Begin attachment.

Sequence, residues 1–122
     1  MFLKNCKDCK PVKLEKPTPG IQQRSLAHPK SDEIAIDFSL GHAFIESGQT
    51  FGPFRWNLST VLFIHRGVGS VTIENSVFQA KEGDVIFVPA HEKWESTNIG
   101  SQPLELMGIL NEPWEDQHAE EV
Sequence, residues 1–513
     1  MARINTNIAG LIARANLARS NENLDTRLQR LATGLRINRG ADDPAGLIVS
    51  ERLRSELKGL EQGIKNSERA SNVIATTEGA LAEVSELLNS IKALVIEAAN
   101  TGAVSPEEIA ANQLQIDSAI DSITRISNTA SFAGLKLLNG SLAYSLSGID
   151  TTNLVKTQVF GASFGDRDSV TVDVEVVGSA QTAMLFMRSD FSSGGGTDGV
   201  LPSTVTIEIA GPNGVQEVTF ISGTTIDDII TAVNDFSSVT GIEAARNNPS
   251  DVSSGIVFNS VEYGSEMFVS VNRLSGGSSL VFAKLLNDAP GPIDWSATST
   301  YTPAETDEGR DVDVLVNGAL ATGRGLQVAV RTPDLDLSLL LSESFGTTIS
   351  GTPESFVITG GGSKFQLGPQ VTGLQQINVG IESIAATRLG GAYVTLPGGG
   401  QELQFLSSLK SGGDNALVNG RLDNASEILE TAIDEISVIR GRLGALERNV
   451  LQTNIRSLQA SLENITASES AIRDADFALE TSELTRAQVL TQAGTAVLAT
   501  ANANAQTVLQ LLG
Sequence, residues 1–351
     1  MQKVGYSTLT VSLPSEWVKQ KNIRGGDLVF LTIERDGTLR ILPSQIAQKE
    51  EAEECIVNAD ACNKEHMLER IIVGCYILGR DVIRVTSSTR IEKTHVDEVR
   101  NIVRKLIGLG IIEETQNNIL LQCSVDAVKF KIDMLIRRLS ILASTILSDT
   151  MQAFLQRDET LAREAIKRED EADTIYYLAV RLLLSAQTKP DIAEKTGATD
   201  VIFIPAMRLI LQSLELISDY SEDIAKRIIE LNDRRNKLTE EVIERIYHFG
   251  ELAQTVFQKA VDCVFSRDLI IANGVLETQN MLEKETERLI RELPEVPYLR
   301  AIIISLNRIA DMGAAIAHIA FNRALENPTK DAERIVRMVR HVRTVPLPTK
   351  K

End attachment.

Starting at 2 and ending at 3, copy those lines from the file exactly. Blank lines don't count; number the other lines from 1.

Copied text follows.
     1  MFLKNCKDCK PVKLEKPTPG IQQRSLAHPK SDEIAIDFSL GHAFIESGQT
    51  FGPFRWNLST VLFIHRGVGS VTIENSVFQA KEGDVIFVPA HEKWESTNIG